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Domestic abuse prevention charity needs more funding

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THE budget for a charity that works to reform men who abuse their partners needs to be doubled, the manager of the service has warned.

Nigel Collier-Webb says that the current budget for the ADAPT Domestic Abuse Prevention programme is putting services under strain.

Increasing the funding by an extra £32,000 a year would, he says, help to cut waiting lists and allow the organisation to consider introducing a programme to work with female offenders.

It comes as the States police launch a two-week campaign against domestic abuse in which the force is promoting the international White Ribbon Campaign, which works around the world to end violence against women.

Nigel Collier-Webb, the manager of the ADAPT Domestic Abuse Prevention programme

Figures show that last year in Jersey domestic abuse accounted for 16 per cent of all recorded crime – double the rate of the UK.

Since its launch in 2007, 103 male abusers have completed the 30-week ADAPT course that aims to help them change their behaviour and safeguard women from attacks in the home.

Currently the programme only deals with male perpetrators of domestic violence.

But over the years although demand for the service has grown, the budget has not.

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Mr Collier-Webb said the service needs around £32,000 more in funding, which would double its annual budget to £64,000 a year.

'We have always been underfunded,' he said.

'We have received the same funding since we opened in 2007 but demand has grown.

'Finances are hard and we would like proper contracts for staff.

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'We have 12 staff but they are all working on a part-time basis.

'There is a waiting list and to cut that down we are looking to run two sessions a week like we did between 2013 and the start of this year.'

He added that they would also like to consider introducing a programme for female perpetrators but were unsure of how much it would cost.

'We are funded by the Building a Safer Society programme through the States,' he said.

'The cost of a women's programme would be significant.'

The charity, which takes the majority of its clients through Probation orders but does have some men who ask for help themselves, has received 45 inquiries so far this year and 11 men have completed the course.

  • Staff at States departments have been asked to wear a white ribbon and there will be presentations in schools.
  • A pop-up shop on King Street, in the old Sure building opposite Marks & Spencer, will be open on Tuesdays and Thursdays for the next two weeks between 11 am and 2 pm and again from 4 pm until 7 pm on 3 December.

Mr Collier-Webb, who says problems with alcohol and abusive childhoods are common contributing factors to why men abuse, added that ADAPT has a 68 per cent success rate based on the number of those who re-offend.

Domestic abuse is a pattern of behaviour during which one person exercises control over another within an intimate or family relationship.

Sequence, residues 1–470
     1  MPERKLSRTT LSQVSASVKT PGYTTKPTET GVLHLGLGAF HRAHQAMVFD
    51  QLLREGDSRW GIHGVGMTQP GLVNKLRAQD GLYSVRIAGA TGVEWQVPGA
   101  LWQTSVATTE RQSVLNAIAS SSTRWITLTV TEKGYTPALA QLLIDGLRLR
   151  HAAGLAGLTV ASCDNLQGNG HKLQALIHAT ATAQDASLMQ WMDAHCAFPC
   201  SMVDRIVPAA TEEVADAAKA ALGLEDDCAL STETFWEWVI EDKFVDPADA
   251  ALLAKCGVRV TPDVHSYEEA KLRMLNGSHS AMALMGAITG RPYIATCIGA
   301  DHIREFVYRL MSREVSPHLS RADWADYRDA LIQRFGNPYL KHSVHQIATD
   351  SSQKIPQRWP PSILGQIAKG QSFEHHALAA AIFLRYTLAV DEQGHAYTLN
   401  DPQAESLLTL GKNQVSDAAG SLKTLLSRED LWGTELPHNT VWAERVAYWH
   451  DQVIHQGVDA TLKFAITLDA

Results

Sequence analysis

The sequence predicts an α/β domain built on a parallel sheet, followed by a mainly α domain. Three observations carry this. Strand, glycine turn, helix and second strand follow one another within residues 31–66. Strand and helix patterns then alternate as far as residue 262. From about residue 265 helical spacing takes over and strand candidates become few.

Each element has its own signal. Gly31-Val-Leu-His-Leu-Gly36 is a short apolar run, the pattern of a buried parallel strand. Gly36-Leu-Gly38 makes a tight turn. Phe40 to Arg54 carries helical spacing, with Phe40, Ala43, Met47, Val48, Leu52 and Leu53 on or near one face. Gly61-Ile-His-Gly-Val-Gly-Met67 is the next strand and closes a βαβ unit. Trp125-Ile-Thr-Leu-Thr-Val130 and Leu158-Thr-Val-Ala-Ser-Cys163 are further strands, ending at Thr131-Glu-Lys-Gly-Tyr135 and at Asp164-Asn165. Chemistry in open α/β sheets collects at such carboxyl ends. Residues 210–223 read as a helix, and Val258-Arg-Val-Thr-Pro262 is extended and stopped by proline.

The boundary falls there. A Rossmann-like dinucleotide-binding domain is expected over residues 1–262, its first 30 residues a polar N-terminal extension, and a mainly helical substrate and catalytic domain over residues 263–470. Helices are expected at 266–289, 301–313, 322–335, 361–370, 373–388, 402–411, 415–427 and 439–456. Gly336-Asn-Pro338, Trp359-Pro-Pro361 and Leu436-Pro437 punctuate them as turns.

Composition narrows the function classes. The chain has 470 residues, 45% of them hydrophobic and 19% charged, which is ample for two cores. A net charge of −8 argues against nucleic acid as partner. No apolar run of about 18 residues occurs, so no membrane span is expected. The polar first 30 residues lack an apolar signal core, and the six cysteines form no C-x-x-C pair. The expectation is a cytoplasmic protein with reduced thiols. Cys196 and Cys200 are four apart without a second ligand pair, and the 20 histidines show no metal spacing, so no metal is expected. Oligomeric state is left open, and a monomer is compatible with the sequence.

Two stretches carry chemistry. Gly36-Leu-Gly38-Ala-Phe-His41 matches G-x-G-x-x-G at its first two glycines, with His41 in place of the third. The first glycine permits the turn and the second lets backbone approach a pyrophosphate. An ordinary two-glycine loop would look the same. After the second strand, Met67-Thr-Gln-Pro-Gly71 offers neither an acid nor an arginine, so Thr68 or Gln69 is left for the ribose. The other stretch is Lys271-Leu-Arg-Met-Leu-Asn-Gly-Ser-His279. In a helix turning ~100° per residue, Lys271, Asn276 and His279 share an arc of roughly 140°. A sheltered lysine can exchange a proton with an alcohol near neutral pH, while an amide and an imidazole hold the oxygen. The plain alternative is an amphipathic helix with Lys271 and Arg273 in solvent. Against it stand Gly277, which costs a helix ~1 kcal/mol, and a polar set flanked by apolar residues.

The abuse can take many forms including physical, sexual, emotional, psychological and financial.

Detective Inspector Mark Hafey, head of the public protection unit and who is co-ordinating the States police's campaign, said: 'There is absolutely no doubt that by agencies working together, sharing information and devising effective safeguarding plans for those who are deemed high risk we are making a significant positive difference to their lives.

'Domestic abuse is, however, still under reported and as such we urge any Islander who is suffering abuse to seek the support and guidance that is available.'

  • The ADAPT programme is based on the Duluth model of power and control.
  • It consists of five modules of six sessions and focuses on motivation and level of acceptance of abusive behaviour towards a spouse or partner.
  • Referrals are made through the ADAPT co-ordinator, who will assess each person’s suitability for the programme.
  • ADAPT is run through the Domestic Violence programme.
  • Common themes throughout all of the modules are issues around the use of power and control, partner blame, denial and minimisation, the use of power and control logs. .
  • The aim of the programme is not about fixing the relationship, but emphasises personal change and a way of helping you to think about why you abuse and the impact of abuse on others.

A MAN who slapped his partner and pushed her over a chair has said the ADAPT programme is helping him to address problems he has carried with him all his life.

Chris (not his real name) (50) has more than 100 previous convictions, including for assaults against men and women, and after he attacked his partner in their home while drunk.

He was sentenced to 12 months' probation for the assault and told to serve 30 weeks on the ADAPT course.

'I have been to prison in the past and that just made me angrier,' he said.

'This helps me address my problems.

'They teach you to have respect for women and respect for people in general.

'Before this I suppose I did not respect women, I took them for granted and I was very selfish.'

Chris says the attack on his partner was fuelled by alcohol, although he recognises it is not an excuse for his actions.

He said he had always been a drinker but his alcohol consumption had increased during the summer due to bouts of depression.

'I would drink to forget things,' he said.

'Programmes like ADAPT are great.

'Domestic violence happens a lot in Jersey, both ways, women against men too.'

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